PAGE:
SQL Server Connector – Azure API App – Part 2


Within part 2 of this series (click here for part 1), I would like to cover some of the available configuration options of the Azure API SQL Server connector. The connector simply enables you to connect with a SQL Server (as well as on-premises instances) or Azure SQL Database and perform various actions. This includes; executing stored Procedures, Poll data (triggers) and the option to retrieve, create, update and delete database table entries without having to write SQL.

ATTN: This only applies for workflows created with the schema “2014-12-01”. Workflows created with a newer schema version will be using different connectors, syntax and a new designer. Additional information can be found here.

SQL Server Connector – Configuration samples

Let’s get stared by covering the configuration options however, first make sure you have a SQL Azure database available for testing purposes. In addition, verify that you are able to connect using SQL Server Management Studio by adding your current IP address within the Azure SQL Server instance firewall settings. Another important setting is the Allow access to Azure services option which can be found within the Azure SQL Server instance.


Step 1- Creating new database objects

In order to proceed, make sure to create the objects below for later use:

Step 2 – Creating a new SQL Server connector

Within the Azure portal, click on the Marketplace tile. This tile can be found on left side of the default dashboard. After opening Azure Marketplace, select API Apps for listing all available options. The SQL Server Connector can be found within connectivity section or recommended API’s.

Once found, create a new SQL Server Connector within an existing App Service Plan (or create a new App Service Plan and provision some Azure API Apps). Open the Package Settings blade and provide the Azure DB connection details within the upper part as displayed within the image below.



The interesting part can be found within the bottom section of the configuration blade. In this part make sure to provide the following data and create the connector. I will explain how you can interact with the results within the next step.

Tables: Test.CustomerA
Stored Procedures: Test.GetCustomers
Poll Data Query: SELECT c.CompanyName FROM Test.CustomerA AS c WHERE c.NeedToContact = 1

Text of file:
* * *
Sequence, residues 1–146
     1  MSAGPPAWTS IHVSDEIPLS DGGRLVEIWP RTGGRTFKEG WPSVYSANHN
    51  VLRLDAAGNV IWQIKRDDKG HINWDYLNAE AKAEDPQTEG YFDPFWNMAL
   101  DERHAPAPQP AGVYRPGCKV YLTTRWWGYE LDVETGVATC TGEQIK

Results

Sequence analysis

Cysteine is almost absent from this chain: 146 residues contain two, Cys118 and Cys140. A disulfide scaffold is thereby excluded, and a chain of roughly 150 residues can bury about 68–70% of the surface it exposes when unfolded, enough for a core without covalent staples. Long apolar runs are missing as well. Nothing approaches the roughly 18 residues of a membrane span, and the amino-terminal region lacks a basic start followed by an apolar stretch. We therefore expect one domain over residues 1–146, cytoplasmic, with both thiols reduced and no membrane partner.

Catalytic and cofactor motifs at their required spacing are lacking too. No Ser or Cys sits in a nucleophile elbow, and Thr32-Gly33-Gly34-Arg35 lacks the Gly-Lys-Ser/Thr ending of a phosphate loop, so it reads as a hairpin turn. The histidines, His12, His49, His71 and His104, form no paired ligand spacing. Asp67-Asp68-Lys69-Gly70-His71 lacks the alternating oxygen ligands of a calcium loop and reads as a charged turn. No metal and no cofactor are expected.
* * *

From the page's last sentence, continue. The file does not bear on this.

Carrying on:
Step 3 – Creating a new Azure Logic App

Create a new Logic App and make sure it’s located within the same App Service Plan or you won’t be able to use the SQL Connector (This is a common mistake, so make sure to double check when Azure API’s aren’t available within your Azure Logic App).

Triggers – Poll Data Query

You will be able to implement triggers by adding the SQL Connector as the first action within your Logic App . During the configuration steps, you will be prompted to select a XML or Json as the result set and in addition the Poll frequency. After completing the configuration steps a new section should appear within the bottom part of the connector (see image below). This section will display the format of the message body as provided earlier within the Poll Data Query textbox.

SELECT c.CompanyName FROM Test.CustomerA AS c WHERE c.NeedToContact = 1


Table CRUD operations

CRUD operations are available for every Table you provide within the SQL Connector configuration setup. I’m using some hard-coded values in my samples to keep everything simple, but the data can obviously come from different actions within your Logic App workflow.

NOTE: It’s required to add an action block or select Run this logic manually before being able to use the SQL Server Connector Table CRUD operations.

In most cases you just have to provide the data and a where clause which is very simple process given that the interface will generate input fields as shown below.

Insert a new record


Specifying a where clause is very simple as demonstrated within the sample below. I won’t be covering the Update and Select operations because they are very similar of what we have seen so far.

Delete a record


Stored Procedures

When it comes to stores procedures, it’s important to know that only the Return Value and Out Parameters can be consumed within your logic app. This makes perfect sense given that the metadata needs to be generated based in a contract.

In the case the stored procedure is returning records of data, the output will be ignored as can be seen within the output message.


The image below demonstrates how to execute our sample stored procedure called GetCustomers. After saving and executing the workflow, the Output value should be visible within the output message generated by the SQL Server Connector (see image). The return value can be consumed within a follow-up action within your Logic App workflow.



Step 4 – Additional logic / Success and Failure logic

Within this section I want to add one more important topic; Error handling. From time to time things will go wrong and you will have to design your workflows accordingly.

I’ve covered most of the details within a previous blog post called “Azure Logic App – Conditions: Success and Failure” and can be found here

I hope this was informative for some of you!

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